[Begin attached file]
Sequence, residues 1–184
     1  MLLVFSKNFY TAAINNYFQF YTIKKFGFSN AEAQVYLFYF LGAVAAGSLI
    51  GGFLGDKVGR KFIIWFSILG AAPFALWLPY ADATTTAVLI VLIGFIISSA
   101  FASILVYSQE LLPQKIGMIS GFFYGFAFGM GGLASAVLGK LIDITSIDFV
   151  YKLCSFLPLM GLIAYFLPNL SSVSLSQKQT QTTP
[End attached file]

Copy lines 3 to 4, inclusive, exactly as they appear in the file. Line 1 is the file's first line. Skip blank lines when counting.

    51  GGFLGDKVGR KFIIWFSILG AAPFALWLPY ADATTTAVLI VLIGFIISSA
   101  FASILVYSQE LLPQKIGMIS GFFYGFAFGM GGLASAVLGK LIDITSIDFV